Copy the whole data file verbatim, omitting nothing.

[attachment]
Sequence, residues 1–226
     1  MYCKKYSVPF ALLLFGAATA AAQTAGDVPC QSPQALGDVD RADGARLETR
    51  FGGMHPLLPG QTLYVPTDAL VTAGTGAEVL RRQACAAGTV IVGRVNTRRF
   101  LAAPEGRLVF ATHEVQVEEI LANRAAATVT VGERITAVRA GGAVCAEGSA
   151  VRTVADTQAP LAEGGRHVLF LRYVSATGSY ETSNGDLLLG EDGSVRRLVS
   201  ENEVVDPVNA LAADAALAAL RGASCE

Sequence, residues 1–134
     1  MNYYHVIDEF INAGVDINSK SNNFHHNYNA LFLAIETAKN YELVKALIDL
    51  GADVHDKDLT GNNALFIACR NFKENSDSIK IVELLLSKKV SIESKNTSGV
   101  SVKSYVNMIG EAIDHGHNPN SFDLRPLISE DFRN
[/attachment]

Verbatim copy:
Sequence, residues 1–226
     1  MYCKKYSVPF ALLLFGAATA AAQTAGDVPC QSPQALGDVD RADGARLETR
    51  FGGMHPLLPG QTLYVPTDAL VTAGTGAEVL RRQACAAGTV IVGRVNTRRF
   101  LAAPEGRLVF ATHEVQVEEI LANRAAATVT VGERITAVRA GGAVCAEGSA
   151  VRTVADTQAP LAEGGRHVLF LRYVSATGSY ETSNGDLLLG EDGSVRRLVS
   201  ENEVVDPVNA LAADAALAAL RGASCE

Sequence, residues 1–134
     1  MNYYHVIDEF INAGVDINSK SNNFHHNYNA LFLAIETAKN YELVKALIDL
    51  GADVHDKDLT GNNALFIACR NFKENSDSIK IVELLLSKKV SIESKNTSGV
   101  SVKSYVNMIG EAIDHGHNPN SFDLRPLISE DFRN